Looking Ahead at Healthcare IT

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Looking Ahead at Healthcare IT

February 26th, 2013

Healthcare is on everyone’s minds lately – affordability and the rising cost of health insurance, getting adequate care and the increasing burden on constrained healthcare resources. Not surprisingly, healthcare providers are looking into ways to improve patient care and overall experience and increase efficiency, while decreasing costs. IT has and will play an important role in enabling healthcare professionals to do this.

So, what’s going on in the world of healthcare IT?

  • Mobile health: In answer to the question, “Which mobile computing devices are doctors in your organization using for medical purposes” in InformationWeek Healthcare’s 2012 Priorities Survey, 66% cited iPads or other tablets, up from 45% just a year earlier. Tablets are small, portable and generally affordable. With the right software and applications, they can give healthcare workers instant access to patient records and test results, as well as foster collaboration and sharing. Moreover, with BYOD, healthcare workers can use the devices they want, while employers save on their own costs.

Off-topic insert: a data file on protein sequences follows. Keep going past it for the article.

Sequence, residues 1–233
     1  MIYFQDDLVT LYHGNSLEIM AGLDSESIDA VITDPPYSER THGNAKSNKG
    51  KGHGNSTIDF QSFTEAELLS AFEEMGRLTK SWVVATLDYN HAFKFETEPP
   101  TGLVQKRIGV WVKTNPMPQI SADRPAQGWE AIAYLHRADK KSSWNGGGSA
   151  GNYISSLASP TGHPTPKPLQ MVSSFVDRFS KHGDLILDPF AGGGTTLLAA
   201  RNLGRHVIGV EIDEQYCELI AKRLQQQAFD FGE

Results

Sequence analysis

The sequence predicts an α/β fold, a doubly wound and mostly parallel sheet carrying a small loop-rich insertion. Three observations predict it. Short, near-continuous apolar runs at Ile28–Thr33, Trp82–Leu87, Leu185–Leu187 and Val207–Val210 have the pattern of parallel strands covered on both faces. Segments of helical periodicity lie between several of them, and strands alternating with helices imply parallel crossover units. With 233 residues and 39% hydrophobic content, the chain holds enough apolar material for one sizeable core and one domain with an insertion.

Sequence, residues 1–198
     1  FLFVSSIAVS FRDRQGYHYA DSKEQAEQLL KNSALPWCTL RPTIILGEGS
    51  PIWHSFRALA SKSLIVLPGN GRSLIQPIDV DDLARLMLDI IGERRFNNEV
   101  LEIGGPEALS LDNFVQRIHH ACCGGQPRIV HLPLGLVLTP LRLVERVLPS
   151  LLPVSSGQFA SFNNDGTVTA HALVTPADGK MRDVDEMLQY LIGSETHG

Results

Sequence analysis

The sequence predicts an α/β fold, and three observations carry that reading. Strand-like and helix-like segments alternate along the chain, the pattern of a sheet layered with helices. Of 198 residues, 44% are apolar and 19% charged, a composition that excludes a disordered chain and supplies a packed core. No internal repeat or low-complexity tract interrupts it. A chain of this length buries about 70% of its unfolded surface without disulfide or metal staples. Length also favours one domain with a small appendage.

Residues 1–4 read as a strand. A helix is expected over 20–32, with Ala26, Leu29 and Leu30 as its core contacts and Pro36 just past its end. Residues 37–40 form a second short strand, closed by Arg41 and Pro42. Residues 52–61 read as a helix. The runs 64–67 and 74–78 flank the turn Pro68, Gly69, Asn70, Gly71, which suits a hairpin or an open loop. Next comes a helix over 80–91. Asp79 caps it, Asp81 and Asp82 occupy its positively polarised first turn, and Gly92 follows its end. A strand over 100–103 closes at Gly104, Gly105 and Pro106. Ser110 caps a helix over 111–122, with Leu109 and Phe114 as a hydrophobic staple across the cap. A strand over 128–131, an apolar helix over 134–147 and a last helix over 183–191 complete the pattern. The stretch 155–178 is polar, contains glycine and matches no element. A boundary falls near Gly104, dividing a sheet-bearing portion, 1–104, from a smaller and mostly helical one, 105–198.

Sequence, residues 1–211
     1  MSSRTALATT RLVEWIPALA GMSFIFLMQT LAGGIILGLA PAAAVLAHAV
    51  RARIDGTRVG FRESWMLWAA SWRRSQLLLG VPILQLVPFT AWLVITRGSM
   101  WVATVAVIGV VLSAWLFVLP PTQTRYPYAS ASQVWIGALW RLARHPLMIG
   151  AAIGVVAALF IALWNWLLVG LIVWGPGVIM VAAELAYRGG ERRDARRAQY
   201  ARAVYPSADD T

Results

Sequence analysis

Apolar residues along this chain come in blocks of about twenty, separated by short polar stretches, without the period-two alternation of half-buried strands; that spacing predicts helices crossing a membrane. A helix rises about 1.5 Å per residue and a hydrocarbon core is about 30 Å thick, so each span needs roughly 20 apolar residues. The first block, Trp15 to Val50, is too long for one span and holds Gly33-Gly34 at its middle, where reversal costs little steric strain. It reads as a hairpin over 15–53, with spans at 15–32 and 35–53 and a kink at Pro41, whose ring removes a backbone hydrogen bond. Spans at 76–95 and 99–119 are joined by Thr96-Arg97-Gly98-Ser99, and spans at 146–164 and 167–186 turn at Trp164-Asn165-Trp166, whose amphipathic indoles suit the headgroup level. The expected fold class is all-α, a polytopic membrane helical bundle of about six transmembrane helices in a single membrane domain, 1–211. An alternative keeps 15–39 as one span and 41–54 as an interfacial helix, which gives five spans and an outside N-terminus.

• Telemedicine: Using telephone and online video consults, healthcare providers are able to bridge the gap between physician resources and geographic barriers and growing patient demand. Plus, we can all agree that “visiting” your doctor in the comfort of your own home beats fighting your way through traffic just to spend an hour in the waiting room and 10 minutes with the actual doctor.
  • Patient portals: With financial incentives for the “meaningful use” of EHR, healthcare providers are implementing systems that allow patients to contact providers, renew prescriptions and quickly access their own health records, all online.
  • Big data: For long-term health and care, providers need integrated client-focused databases for in-depth analytics. A report from Frost and Sullivan indicates that while “only 10% of U.S. hospitals implemented health data analytics tools in 2011, that number will grow to approximately 50% adoption in 2016.” Furthermore, organizations need to be able to store and maintain that data, while keeping it secure.
  • Apps: Today’s apps can track fitness, wellness, exercise and diet. App-enabled devices can assist in home monitoring and management of chronic diseases.
  • Cloud: The cloud and virtualization allow healthcare organizations to shape their security, management and data center environments. Secure virtual servers extend IT capabilities, for more effective storage that enables workers to access software tools and data on the go.
  • Data breach prevention: BYOD presents an even greater challenge than for other organizations due to HIPAA-HITECH regulations to protect patient records. And, unfortunately, with the increasing amount of personal data available online, there is also a greater threat of outside cyber attacks. Providers must implement IT that balances ready access with patient safety.